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NASA probe flies past Pluto, world awaits historic images

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Applause by Nasa New Horizons team as countdown to the Pluto flyby ends. Picture sent on twitter by Nasa
Picture sent on twitter by NASA

Washington, In what may necessitate rewriting of science books, NASA’s New Horizons probe — after travelling over 4.8 billion km — on Tuesday flew past the mysterious dwarf planet Pluto on the outermost fringes of the solar system.

Flying past Pluto at a distance of about 12,500 km at around 5 p.m. (Indian standard Time), the probe, launched a decade ago, was expected to beam back key images of Pluto’s surface to Earth in about nine hours — the time it takes the communication to reach Earth from Pluto.

The images will also help scientists explore the mysterious Kuiper Belt — a huge band of planetary debris left over from the solar system’s formation 4.5 billion years ago.

The most dangerous hazards for the probe — flying at a speed of 45,000 km per hour — were dust particles trapped in orbit around Pluto and a strike can cripple the spacecraft, scientists said, but added that such a risk was very low.

The first images will debut on Facebook-owned photo-sharing website Instagram, NASA has announced.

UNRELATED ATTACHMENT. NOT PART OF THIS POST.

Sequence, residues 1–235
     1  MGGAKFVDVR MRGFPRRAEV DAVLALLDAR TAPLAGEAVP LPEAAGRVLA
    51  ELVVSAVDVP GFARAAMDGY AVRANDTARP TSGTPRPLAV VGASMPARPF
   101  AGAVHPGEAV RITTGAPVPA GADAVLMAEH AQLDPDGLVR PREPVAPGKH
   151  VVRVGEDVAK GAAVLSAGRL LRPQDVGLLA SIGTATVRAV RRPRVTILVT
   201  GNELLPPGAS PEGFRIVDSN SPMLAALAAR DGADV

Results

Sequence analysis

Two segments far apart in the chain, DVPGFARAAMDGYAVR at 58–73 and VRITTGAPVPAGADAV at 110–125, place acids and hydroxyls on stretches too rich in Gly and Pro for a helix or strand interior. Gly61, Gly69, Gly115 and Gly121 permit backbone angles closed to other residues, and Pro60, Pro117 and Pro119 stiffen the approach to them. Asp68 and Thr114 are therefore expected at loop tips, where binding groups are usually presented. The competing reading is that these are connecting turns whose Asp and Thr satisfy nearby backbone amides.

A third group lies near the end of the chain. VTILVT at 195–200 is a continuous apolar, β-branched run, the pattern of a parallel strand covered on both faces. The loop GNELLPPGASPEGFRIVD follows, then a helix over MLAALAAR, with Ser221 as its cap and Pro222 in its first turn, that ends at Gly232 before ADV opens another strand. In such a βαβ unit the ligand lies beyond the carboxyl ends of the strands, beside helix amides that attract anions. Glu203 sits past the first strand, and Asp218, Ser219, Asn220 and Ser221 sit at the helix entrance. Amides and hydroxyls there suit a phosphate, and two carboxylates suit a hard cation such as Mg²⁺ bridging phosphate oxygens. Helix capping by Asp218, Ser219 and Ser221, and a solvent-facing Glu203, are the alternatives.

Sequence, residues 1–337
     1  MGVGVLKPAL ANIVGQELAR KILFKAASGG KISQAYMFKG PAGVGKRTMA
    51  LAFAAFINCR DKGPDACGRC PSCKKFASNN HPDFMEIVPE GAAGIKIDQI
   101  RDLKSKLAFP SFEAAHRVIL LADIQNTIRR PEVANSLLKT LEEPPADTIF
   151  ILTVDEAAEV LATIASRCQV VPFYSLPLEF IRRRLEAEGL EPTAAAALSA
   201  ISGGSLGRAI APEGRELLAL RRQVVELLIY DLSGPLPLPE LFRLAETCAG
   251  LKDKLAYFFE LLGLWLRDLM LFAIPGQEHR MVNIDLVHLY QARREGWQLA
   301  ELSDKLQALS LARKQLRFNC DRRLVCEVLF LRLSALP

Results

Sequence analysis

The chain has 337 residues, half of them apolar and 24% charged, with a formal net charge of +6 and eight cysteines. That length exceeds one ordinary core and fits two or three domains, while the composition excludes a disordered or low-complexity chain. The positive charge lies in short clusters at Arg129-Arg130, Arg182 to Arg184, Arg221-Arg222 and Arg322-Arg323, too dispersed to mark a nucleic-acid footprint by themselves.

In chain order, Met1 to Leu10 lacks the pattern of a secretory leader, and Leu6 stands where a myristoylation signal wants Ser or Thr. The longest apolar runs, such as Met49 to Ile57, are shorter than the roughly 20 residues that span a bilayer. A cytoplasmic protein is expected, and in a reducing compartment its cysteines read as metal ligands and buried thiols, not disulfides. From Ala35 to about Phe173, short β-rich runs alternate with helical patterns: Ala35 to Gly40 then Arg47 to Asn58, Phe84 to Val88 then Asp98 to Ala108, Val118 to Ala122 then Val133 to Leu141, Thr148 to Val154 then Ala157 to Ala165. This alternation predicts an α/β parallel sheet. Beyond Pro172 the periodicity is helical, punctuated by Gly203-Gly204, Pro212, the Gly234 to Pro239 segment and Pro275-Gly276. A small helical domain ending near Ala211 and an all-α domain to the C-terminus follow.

“We made an editorial decision to give the world a sneak peek of the image on Instagram,” NASA social media manager John Yembrick told wired.com.

On board the New Horizons are seven sophisticated science instruments and the ashes of Clyde Tombaugh, the astronomer who discovered Pluto in 1930.

NASA was expecting a dark grey icy planet but the probe found it is red and appeared to be oxidized like Mars.

Earlier, the New Horizons probe settled one of the most basic questions about Pluto — its size. Mission scientists have found Pluto to be 2,370 km in diameter, somewhat larger than many prior estimates.

Images acquired with the Long Range Reconnaissance Imager (LORRI) on board the New Horizon probe were used to make this determination.

The result confirms that Pluto is larger than all other known solar system objects beyond the orbit of Neptune, the US space agency said in a statement.

“The size of Pluto has been debated since its discovery in 1930. We are excited to finally lay this question to rest,” said mission scientist Bill McKinnon from Washington University in St Louis.

Pluto’s newly-estimated size means that its density is slightly lower than previously thought, and the fraction of ice in its interior is slightly higher.

Measuring Pluto’s size has been a decades-long challenge due to complicating factors from its atmosphere.

Its largest moon Charon lacks a substantial atmosphere, and its diameter was easier to determine using ground-based telescopes.

New Horizons observations of Charon confirm its previous estimated size of 1,208 km across.

Two other moons – Nix and Hydra – were discovered using the Hubble Space Telescope in 2005. Nix is estimated to be about 35 km across while Hydra is roughly 45 km across.

These sizes lead mission scientists to conclude that their surfaces are quite bright, possibly due to the presence of ice.